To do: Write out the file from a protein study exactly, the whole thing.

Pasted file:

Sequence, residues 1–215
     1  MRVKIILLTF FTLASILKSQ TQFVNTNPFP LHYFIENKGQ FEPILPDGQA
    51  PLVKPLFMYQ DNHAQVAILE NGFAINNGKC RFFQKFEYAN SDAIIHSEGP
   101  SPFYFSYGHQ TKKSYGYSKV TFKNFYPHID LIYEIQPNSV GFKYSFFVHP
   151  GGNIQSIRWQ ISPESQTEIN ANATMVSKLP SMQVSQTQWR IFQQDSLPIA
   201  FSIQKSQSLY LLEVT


Sequence, residues 1–215
     1  MRVKIILLTF FTLASILKSQ TQFVNTNPFP LHYFIENKGQ FEPILPDGQA
    51  PLVKPLFMYQ DNHAQVAILE NGFAINNGKC RFFQKFEYAN SDAIIHSEGP
   101  SPFYFSYGHQ TKKSYGYSKV TFKNFYPHID LIYEIQPNSV GFKYSFFVHP
   151  GGNIQSIRWQ ISPESQTEIN ANATMVSKLP SMQVSQTQWR IFQQDSLPIA
   201  FSIQKSQSLY LLEVT